The University System of Maryland announced Thursday that students, faculty and staff returning to all of its campuses must be tested for COVID-19 within 14 days prior to arrival. Students and employees must also submit official confirmation of a negative result to university officials.
USM’s 11 universities, which are typically home to over 170,000 students, will also implement additional infection prevention and control protocols and work with individuals if complications arise as they attempt to get tested, according to a statement released Thursday.
Anyone who tests positive for COVID-19 prior to arriving at a USM campus will not be allowed to return until a required period of isolation has been met, the system said. Those who test positive after arriving on campus will consult with university officials regarding medical follow-up and isolation requirements.
The announcement comes amid an intense national debate over reopening the nation’s schools — from kindergarten up to universities.
USM policies were developed in response to increases in COVID-19’s spread. Institutions engaged in involved and intentional discussions among themselves and worked closely with the Maryland Department of Health and its local jurisdictions, said Joann Boughman, senior vice chancellor for academic affairs at USM.
USM also took guidance from its professors with expertise in medicine and public health. Officials said adhering to testing, symptom monitoring and disease mitigation protocols are essential, for both safety and the ability to resume and sustain in-person instruction this fall.
Maryland’s cases, which started decreasing in late May and began increasing again at the beginning of July, have not been accelerating as rapidly as much of the nation’s. Right now, Maryland’s seven-day-averages total out to 873 cases and 10 deaths daily, according to data from the New York Times.
Prince George’s County has the highest rates of infection and death per capita in the state. One out of 40 residents has reportedly been infected with COVID-19. One out of 1,200 has died.
USM’s largest campus, the University of Maryland, College Park, is in Prince George’s County. The university last year enrolled over 40,000 students, and it plans to welcome some of them back on Aug. 31. Population on campuses will be quite limited, a fraction of what would occur under more traditional circumstances like fall 2019, said Mike Lurie, media relations and web manager at USM.
Boughman said the system hopes students will be able to access nearby testing sites, which are often provided at no cost or covered by health care providers. Some USM campuses, like College Park, will set up testing sites on their grounds.
“While we’re waiting for the test results, we want students to be not fully interacting and out there. In general, we want them to hunker down if you will,” Boughman said. “We’re not asking them to quarantine in their room and not come out of their rooms, but we want them to in fact be prudent in what they’re doing until we get negative tests back. Once we get the negative tests back, we remain expecting students to do their symptom monitoring on a daily basis and follow the other public health actions.”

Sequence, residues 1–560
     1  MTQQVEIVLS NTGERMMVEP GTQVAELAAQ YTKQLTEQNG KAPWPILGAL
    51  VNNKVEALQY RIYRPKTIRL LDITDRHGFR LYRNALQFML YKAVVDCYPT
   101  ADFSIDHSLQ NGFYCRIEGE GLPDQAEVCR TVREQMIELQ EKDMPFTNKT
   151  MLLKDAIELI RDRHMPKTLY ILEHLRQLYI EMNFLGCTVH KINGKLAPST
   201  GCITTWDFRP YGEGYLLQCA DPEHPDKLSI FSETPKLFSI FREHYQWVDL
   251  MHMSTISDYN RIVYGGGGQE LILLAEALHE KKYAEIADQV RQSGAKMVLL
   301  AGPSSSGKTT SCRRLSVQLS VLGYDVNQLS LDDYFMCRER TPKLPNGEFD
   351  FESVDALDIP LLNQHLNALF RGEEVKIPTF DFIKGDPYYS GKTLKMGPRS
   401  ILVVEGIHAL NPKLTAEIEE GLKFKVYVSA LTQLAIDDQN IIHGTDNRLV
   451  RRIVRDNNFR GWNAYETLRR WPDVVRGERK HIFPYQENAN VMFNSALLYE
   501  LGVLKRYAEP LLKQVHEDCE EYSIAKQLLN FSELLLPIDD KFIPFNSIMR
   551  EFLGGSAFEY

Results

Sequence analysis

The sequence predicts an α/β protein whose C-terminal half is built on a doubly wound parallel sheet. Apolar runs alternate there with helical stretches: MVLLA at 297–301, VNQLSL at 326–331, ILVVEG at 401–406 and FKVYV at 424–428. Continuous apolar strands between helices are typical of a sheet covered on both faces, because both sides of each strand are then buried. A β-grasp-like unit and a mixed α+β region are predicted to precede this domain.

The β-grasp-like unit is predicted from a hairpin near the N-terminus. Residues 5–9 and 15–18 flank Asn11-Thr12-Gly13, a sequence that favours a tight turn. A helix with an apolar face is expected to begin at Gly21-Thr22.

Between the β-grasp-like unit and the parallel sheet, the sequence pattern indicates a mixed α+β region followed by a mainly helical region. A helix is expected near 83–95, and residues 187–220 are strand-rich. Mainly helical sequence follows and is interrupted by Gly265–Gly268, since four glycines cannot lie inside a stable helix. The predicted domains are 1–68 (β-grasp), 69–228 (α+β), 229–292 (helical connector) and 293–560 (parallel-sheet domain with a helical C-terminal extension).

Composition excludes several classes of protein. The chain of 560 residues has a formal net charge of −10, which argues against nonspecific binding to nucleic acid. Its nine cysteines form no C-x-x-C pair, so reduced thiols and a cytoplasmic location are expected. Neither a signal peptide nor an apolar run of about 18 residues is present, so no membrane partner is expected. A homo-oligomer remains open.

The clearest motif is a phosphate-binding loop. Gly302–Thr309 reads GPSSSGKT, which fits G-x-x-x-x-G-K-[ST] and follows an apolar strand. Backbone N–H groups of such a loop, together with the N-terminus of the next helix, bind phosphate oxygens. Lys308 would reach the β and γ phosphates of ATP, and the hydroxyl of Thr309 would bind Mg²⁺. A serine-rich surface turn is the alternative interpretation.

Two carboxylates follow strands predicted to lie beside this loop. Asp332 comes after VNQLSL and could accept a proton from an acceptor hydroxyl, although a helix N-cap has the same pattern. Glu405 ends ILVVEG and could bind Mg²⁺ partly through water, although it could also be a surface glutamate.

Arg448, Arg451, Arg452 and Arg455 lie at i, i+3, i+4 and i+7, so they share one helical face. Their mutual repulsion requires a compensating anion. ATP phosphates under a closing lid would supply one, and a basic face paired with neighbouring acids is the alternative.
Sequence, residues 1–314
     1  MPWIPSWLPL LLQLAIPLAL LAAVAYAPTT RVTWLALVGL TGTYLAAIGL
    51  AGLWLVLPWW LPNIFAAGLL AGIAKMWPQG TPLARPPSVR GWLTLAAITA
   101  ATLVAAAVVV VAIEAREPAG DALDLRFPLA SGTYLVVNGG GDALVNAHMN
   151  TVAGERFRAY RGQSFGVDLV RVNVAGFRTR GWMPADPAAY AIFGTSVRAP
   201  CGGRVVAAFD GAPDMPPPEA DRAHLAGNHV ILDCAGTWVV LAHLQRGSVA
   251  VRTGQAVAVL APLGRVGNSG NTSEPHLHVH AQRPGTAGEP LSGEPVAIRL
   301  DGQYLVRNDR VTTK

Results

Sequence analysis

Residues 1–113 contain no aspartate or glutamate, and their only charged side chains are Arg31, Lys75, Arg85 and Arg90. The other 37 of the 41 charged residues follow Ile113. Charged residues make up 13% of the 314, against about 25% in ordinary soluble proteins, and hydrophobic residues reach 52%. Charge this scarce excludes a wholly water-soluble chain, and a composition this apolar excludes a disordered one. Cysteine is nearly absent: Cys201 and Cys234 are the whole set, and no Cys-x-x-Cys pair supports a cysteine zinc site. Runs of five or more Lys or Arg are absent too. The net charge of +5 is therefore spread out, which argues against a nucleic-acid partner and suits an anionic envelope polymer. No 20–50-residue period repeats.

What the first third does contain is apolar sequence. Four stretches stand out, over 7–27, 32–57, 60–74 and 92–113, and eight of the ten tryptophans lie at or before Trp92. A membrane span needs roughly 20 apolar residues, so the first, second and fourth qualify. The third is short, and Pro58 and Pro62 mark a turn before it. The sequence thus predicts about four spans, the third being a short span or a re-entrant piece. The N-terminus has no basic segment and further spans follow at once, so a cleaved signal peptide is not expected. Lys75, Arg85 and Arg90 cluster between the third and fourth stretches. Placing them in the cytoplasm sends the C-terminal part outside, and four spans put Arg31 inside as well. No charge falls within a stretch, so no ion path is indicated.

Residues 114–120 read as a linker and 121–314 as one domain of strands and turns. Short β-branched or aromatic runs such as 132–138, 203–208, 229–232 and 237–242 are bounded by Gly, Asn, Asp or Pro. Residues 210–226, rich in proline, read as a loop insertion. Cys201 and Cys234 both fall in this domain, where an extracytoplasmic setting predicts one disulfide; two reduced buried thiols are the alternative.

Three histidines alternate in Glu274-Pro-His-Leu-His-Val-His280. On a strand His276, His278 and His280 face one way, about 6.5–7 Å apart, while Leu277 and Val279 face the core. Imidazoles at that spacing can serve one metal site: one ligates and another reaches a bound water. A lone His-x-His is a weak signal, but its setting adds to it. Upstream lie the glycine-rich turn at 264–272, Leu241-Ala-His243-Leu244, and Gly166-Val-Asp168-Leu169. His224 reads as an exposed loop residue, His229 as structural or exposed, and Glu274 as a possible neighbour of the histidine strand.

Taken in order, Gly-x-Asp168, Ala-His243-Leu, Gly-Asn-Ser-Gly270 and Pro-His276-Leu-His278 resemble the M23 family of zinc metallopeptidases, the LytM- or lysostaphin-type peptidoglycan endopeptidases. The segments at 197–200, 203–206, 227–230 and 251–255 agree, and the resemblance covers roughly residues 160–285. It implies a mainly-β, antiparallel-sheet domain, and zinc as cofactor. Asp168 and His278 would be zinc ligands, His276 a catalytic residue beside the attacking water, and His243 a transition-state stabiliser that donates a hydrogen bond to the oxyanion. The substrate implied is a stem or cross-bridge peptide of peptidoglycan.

Individual system universities will provide guidance to students and employees who have been tested for COVID-19 but are still awaiting their test results at the start of the fall semester. The schools also will share alternative testing arrangements with anyone who is unable to access a COVID-19 test before arriving.
Each campus will manage records of negative tests differently, said Boughman. Students living in on-campus residences must have this documentation when they move in, and they will be referred for testing if they do not. Universities will also use their campus health officials, registrar’s offices and general student management systems to stay organized and enforce this requirement.
All students and employees returning to a USM institution must also begin daily symptom monitoring and reporting 14 days before their arrival on campus. Individual universities will provide further evaluation and guidance to anyone reporting COVID-19-associated symptoms.
USM’s statement provided a list of five requirements that employees, students and visitors at every USM institution must adhere to:
- use of a mask or face covering in campus buildings and on campus grounds;
- physical distancing of at least six feet;
- compliance with local guidance on events and gathering;
- “vigilant” hand hygiene, including, washing, sanitizing and limited face-touching;
- and daily symptom monitoring.
Individual universities will share with their campus communities the consequences of noncompliance with these rules. Noncompliance could lead to disciplinary measures through a university’s student conduct process, said Boughman. Still, she expects there will be flexibility for honest mistakes.
“Everybody is going to be reasonable about this. There are times when people walk out of their dorm or a day they may forget a mask or something,” Boughman said. “It is the intentional noncompliance that we are most concerned about.”